The Home School Court Report
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Susan Oliver: Convicted—even though this mom did everything right

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Patrick Henry College doubles enrollment

Jordan's excellent adventure

Across the States
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A contario sensu

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Active Cases

DeSantis v. Mullvain

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Social workers pay $40,000

A home schooling family's civil rights lawsuit against two San Bernardino County social workers has been settled for $40,000. When the social workers had insisted upon entry into the DeSantis home in 1999 to investigate allegations of physical abuse, Mrs. DeSantis told them, "You do not have my consent to enter, but the gate is open." They pushed through the gate, marched into the house, strip-searched the two younger children, and subjected the 7-year-old to a traumatizing private interview. The DeSantis family sued the social workers for violating their Fourth Amendment right against entry without a warrant.

In re Children of W

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Charges against mother dismissed

The Colorado Department of Social Services (DSS) charged Mrs. W with environmental neglect (messy house) and educational neglect of her 11-year-old special needs son. DSS contended that this mother failed to file her notice of intent with the school district and to have her son evaluated, as required by law. The petition also alleged that the child had "not been formally enrolled in school for at least three years," that "he seems significantly delayed in his academic abilities," and that he "appears to be socially isolated."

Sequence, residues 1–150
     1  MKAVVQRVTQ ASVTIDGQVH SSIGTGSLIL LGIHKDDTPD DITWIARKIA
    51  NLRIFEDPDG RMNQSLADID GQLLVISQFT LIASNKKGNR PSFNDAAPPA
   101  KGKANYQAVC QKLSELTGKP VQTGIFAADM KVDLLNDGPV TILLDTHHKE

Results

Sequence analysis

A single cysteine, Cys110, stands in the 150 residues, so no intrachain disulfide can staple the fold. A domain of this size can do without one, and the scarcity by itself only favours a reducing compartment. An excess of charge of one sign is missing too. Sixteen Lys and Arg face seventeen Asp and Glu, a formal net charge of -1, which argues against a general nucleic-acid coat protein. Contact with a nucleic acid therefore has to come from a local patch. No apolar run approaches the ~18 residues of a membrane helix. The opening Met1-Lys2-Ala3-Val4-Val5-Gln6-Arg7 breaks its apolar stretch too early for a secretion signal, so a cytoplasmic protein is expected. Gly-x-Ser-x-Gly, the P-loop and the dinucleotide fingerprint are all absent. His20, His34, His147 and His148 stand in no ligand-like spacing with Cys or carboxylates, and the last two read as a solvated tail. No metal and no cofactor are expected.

Home School Legal Defense Association retained two experts to testify concerning the quality of education received by the boy, but reached a compromise with DSS on the eve of the trial. According to the agreement, Ms. W had her son evaluated at The Children's Hospital. The formal written evaluation recommended certain services. Ms. Williams has the right to receive or reject the services, but has been receiving them. The case has been dismissed.

Goulart and Travers v. Calvert County

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Community centers discriminate

The community centers in Calvert County refuse to permit home schoolers to use their facilities for classes, workshops, or organized recreation of any kind. In this case, our clients' requests to use the rooms for weekly meetings of a fiber arts club and a geography club were refused. We have the actual policy in writing on three applications by our clients for community center use. Those applications read: "Commissioners' policy states that home schoolers may not use community centers." However, these rooms are generally available to all other citizens for activities similar to those desired by the two families who were denied. In fact, no other groups or legal activities are excluded from use.

When a governmental entity opens its facility to the general use of the public, as Calvert County has done with its community centers, the entity may not deny the use of the facilities by particular groups or for particular purposes. The county claims its centers are limited public facilities like prisons and the auditorium at the FBI building. It will be up to the court to decide whether the county's practice and policy with respect to the community centers has made them public forums generally available to the community whose exclusions are subject to strict scrutiny.

HSLDA filed a lawsuit on January 31, 2000, asking the United States District Court at Baltimore to declare Calvert's policy a violation of the First Amendment guarantee of free speech. We are waiting for the court to set a hearing date for oral arguments on cross-motions for summary judgment.

State v. Mr. and Mrs. D

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Materials and records subpoenaed

Following a false report that Mr. and Mrs. D's daughter cannot read, the Charles County Attorney subpoenaed this member family's home school materials and records pursuant to a statute that authorizes such subpoenas during a criminal investigation. HSLDA advised the county attorney that the child was not subject to compulsory attendance at the beginning of the school year and sent him a birth certificate to prove it.